10 things we now know thanks to Doug Lennox

10 things we now know thanks to Doug Lennox

Posted on December 8 by Kyle
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Doug Lennox (January 21, 1938 – November 28, 2015) was an internationally acclaimed broadcaster, a veteran actor, a commercial voice artist, and a bestselling author.

Dundurn is proud to have published over 20 books in his Now You Know series. Here are just a few of the things we can proudly say we now know thanks to the late great Doug Lennox.

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1. Why do we call Academy Awards “Oscars”?

Since 1928, the Academy Awards have been issued by the American Academy of Motion Picture Arts and Sciences for excellence in filmmaking. The statuettes were nicknamed “Oscar” in 1931 by Margaret Herrick, a secretary at the academy who, upon seeing one
for the first time, exclaimed, “Why it looks just like my uncle Oscar.” Her uncle was Oscar Pierce, a wheat farmer.

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2. Why is a blue ribbon a symbol of champions?

Blue was the favourite colour of England’s King Edward III, who in 1348 created the highest Royal Order of the Knights of the Garter. Its membership was and is limited to the king and princes of England as well as a very few knights of distinguished service. The insignia of the Royal Order is a blue garter, and because of this, blue ribbons have come to be a reward for any supreme achievement.

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3. Why do we say “justice is blind”?

The Egyptian pharaohs, concerned that courtroom theatrics might influence the administration of justice, established the practice of holding trials in darkened chambers with absolutely no light. That way, the judge wouldn’t be moved by anything but the facts. It’s this principle that inspired Lady Justice, the well-known statue of a woman in a blindfold holding the scales of justice that is often found outside contemporary courtrooms.

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4. How much would all the gifts cost in “The Twelve Days of Christmas”?

Because the golden rings are pheasants and not jewellery, the most expensive item in “The Twelve Days of Christmas” is seven swans a swimming, at US$7,000, followed by ten lords a-leaping and nine ladies dancing. The current price of a partridge in a pear tree is $34, which is the hourly rate for eight maids a-milking. So when everything is added up, the tab is $15,944.20.

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4. Why are people considered financially stable called well-heeled?

Before cockfighting was banned in 1849, individual birds were often fitted with sharp steel spurs, giving them an advantage in mortal combat. They were “well heeled.” In the nineteenth century, the expression became slang for anyone armed with a weapon. Then, around 1880, the term began to mean anyone who was well-off financially and who could overcome any obstacle with money instead of a weapon.

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 6. Why when astonished would someone say, “Well, I’ll be a monkey’s uncle”?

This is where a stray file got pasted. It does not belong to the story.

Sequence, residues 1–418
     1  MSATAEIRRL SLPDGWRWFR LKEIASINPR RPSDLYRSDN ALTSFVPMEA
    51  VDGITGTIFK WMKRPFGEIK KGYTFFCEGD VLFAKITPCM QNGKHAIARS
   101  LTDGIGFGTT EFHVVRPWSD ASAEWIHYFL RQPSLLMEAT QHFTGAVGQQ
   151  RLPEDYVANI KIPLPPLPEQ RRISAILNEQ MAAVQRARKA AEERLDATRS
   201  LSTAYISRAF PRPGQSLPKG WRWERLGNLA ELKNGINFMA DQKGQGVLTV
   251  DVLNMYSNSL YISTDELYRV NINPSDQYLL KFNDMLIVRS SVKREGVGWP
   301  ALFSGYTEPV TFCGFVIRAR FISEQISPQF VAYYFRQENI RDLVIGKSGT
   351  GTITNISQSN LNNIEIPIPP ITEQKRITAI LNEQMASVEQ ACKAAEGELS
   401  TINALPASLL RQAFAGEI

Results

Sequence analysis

During the famous Scopes trial in 1925, a Tennessee schoolteacher, John T. Scopes, was accused of breaking that state’s law by teaching Animals 101 Darwin’s theory of evolution rather than the Biblical origins of mankind. The trial was a sensation and astonished many who had never heard that humans might be related to the apes, and from this came the expression, “Well, I’ll be a monkeys uncle.”

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7.  Who, by profession, make the best tippers?

A survey of North American service workers rated the best tippers in this order: (1) Other restaurant workers (2) Regular customers, especially cigarette smokers (3) Young male “wannabes” (4) Small business owners (5) Tavern owners (6) Hairdressers (7) Liquor salesmen(8) Taxi drivers (9) Salesmen (10) Musicians.

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8. What dates define Generation X, Generation Y, and the Echo Boomers?

For those people born after the post–World War II baby boomers, advertisers have created labels to define their targets. Within that industry, those born between 1964 and 1983 are known as Generation X. Echo boomers, or the children of the baby boomers, were born between the late 1970s and the early 1990s. Generation Y’s members are the children of Generation X and were born after 1983.

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9. Why is an unstable person called a “crackpot”?

A crackpot is an irrational person. Crackpots have always been with us, but the word only came into use in the late 1800s. The term plays on the obsolete use of the word pot to describe a skull. It suggests that the person in question has a cracked skull, which is causing him or her to behave in a mad, foolish, or eccentric manner.

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10. What is the origin of the expression “it’s raining cats and dogs”?

The general legend about “raining cats and dogs” relates to the thatched roofs of the Middle Ages and would have you believe that when it rained, all sorts of creatures, including cats and dogs, slipped and fell in such abundance that it gave rise to the expression, but that’s wrong! The truth is that the saying predates even the Dark Ages and goes back to a time when people believed that ghosts and goblins were around every corner. Cats and dogs had magical, mystical powers. Sailors believed that cats brought on storms and that witches rode those storms (with their cats). To the early Norsemen, dogs and wolves symbolized the wind, and the Viking storm god Odin was always shown surrounded by dogs. So during a violent rainstorm, an angry Odin’s dogs were set loose, and the cats,
symbolizing the rain, caused people to say, “It’s raining cats and dogs.”